The strength of our study is that 24-hour esophageal pH and induced sputum test were performed in most of the patients (71.2% and 78.8%, respectively) with chronic cough. GERD was found in 5.9% of patients in our study. Whereas only 0.7% of patients with GERD was found in the previous Chinese study, in whose study 24-hour esophageal pH was only performed in the suspicious GERD cases (16). In Asilsoy’s study, GERD was also reported to affect 4.6% of the school-age patients with chronic cough (8). In Marchant et al.’s study, GERD was found in 14.8% of the patients, which is higher than our study. However, they did not further compare the GERD percentage between different age group (7). GERD is considered to be an uncommon etiology in children with chronic cough but listed in the top 3 etiologies in adult patients in Europe and America (18,19). However, in China, GERD was only found in 4.6% of the adult patients in a recent multicenter study (20). The disparity of GERD incidence between children and adults is not seen in China.

In adults, EB was one of the common etiologies of chronic cough (20). While, our results showed that EB was an uncommon etiology of chronic cough in children. Although previous study had found the low incidence of EB in China and other countries (7,16), they only performed induced sputum tests in suspected patients and some cases with EB may be omitted or might be diagnosed as asthma because of a good response to corticosteroid. Thus, our results can truly reflect the low incidence of EB in children with chronic cough.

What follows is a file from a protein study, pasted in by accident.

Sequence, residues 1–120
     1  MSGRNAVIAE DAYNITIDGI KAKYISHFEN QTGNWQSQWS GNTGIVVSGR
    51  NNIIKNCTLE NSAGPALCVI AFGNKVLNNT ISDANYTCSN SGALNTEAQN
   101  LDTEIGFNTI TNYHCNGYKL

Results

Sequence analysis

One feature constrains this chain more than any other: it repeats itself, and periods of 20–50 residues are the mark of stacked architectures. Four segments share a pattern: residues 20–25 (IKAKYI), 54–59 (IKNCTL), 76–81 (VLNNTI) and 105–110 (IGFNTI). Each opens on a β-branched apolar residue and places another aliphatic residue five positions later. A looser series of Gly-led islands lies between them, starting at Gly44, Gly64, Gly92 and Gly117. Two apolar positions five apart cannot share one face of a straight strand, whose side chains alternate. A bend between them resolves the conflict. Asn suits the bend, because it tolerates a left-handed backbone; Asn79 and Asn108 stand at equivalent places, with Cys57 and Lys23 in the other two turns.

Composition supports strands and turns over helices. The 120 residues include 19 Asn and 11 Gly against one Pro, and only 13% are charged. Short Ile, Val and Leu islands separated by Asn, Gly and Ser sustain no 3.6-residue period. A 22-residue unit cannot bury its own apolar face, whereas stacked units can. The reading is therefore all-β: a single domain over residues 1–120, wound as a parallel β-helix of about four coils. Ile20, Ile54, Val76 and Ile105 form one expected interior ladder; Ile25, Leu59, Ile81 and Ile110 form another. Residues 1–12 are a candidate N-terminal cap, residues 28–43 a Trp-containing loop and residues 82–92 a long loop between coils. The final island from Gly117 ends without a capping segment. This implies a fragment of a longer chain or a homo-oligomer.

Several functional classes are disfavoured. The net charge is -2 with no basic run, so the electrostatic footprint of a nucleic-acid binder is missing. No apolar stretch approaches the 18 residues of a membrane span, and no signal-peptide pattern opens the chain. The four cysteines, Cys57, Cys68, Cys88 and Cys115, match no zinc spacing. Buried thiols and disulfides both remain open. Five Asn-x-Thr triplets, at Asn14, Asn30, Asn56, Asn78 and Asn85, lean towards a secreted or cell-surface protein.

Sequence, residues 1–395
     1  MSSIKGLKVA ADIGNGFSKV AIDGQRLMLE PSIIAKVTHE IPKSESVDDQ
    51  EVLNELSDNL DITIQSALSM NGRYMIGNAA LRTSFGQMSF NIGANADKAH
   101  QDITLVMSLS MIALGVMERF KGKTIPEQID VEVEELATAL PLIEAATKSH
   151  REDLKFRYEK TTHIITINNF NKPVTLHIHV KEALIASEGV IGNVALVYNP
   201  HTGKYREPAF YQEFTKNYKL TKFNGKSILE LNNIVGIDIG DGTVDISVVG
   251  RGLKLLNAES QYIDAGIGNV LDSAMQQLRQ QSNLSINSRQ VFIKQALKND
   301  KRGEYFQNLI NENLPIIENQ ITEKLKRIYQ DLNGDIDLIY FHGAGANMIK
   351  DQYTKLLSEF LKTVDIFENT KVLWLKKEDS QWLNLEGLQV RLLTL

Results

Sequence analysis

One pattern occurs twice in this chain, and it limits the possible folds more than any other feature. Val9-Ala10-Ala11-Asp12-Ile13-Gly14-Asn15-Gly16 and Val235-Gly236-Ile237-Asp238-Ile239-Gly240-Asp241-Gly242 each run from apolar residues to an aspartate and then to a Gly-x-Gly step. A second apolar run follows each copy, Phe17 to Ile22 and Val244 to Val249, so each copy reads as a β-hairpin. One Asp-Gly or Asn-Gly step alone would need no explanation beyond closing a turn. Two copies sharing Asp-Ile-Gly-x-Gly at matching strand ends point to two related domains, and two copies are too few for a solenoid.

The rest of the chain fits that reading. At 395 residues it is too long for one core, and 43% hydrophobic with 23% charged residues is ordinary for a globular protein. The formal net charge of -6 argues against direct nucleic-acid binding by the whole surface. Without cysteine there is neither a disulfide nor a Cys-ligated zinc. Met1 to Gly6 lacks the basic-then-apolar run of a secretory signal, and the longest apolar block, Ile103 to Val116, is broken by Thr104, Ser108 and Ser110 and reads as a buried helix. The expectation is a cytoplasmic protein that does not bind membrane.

The concept of cough hypersensitivity syndrome, defined as a clinical syndrome characterized by troublesome coughing often triggered by low levels of thermal, mechanical, or chemical exposure, has progressed as the mechanistic basis of chronic cough and is accepted by physicians to encompass idiopathic or unexplained cough in adults. However, in children, the role of cough hypersensitivity syndrome in chronic cough is still not fully understand. For children with unexplained chronic cough, whether cough hypersensitivity syndrome explains still needs further investigation.

The highlight of the present study was the analysis of the patients’ clinical characteristics and prediction of chronic cough based on these characteristics. CVA is characterized by non-productive cough and nighttime cough. We found that nighttime cough was an important indicator of CVA with a specificity of 85.4%. Conversely, the sensitivity of cough after sports and atopy were higher in patients with CVA, indicating their contribution to the diagnosis of CVA when a misdiagnosis might exist because of the low specificity. We showed 54.1% of patients with UACS had a productive cough. As previously reported, patients with UACS characterized by a non-productive cough potentially have high airway responsiveness (21). The high rate of positive pharyngeal signs in patients with UACS emphasizes the importance of the physical examination. Because of the limited numbers of patients with EB, TD, and GERD, we did not analyze their clinical characteristics for prediction of the etiologies of chronic cough.